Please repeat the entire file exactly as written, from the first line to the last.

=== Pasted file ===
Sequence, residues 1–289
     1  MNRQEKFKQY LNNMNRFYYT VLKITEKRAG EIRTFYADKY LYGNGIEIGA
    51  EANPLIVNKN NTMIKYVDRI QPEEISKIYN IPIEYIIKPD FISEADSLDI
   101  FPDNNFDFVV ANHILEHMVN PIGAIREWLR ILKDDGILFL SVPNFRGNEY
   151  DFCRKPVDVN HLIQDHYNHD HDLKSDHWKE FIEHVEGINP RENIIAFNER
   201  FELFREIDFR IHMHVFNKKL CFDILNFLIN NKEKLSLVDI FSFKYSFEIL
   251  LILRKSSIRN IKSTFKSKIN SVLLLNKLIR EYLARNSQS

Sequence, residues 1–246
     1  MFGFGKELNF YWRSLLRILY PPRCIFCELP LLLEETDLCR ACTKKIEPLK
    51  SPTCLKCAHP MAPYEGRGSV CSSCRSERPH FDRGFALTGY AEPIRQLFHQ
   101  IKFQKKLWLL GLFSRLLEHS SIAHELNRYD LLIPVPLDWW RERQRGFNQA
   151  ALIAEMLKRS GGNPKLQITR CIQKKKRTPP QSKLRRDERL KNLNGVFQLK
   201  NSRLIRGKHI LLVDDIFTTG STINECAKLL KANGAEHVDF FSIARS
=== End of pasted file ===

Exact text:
Sequence, residues 1–289
     1  MNRQEKFKQY LNNMNRFYYT VLKITEKRAG EIRTFYADKY LYGNGIEIGA
    51  EANPLIVNKN NTMIKYVDRI QPEEISKIYN IPIEYIIKPD FISEADSLDI
   101  FPDNNFDFVV ANHILEHMVN PIGAIREWLR ILKDDGILFL SVPNFRGNEY
   151  DFCRKPVDVN HLIQDHYNHD HDLKSDHWKE FIEHVEGINP RENIIAFNER
   201  FELFREIDFR IHMHVFNKKL CFDILNFLIN NKEKLSLVDI FSFKYSFEIL
   251  LILRKSSIRN IKSTFKSKIN SVLLLNKLIR EYLARNSQS

Sequence, residues 1–246
     1  MFGFGKELNF YWRSLLRILY PPRCIFCELP LLLEETDLCR ACTKKIEPLK
    51  SPTCLKCAHP MAPYEGRGSV CSSCRSERPH FDRGFALTGY AEPIRQLFHQ
   101  IKFQKKLWLL GLFSRLLEHS SIAHELNRYD LLIPVPLDWW RERQRGFNQA
   151  ALIAEMLKRS GGNPKLQITR CIQKKKRTPP QSKLRRDERL KNLNGVFQLK
   201  NSRLIRGKHI LLVDDIFTTG STINECAKLL KANGAEHVDF FSIARS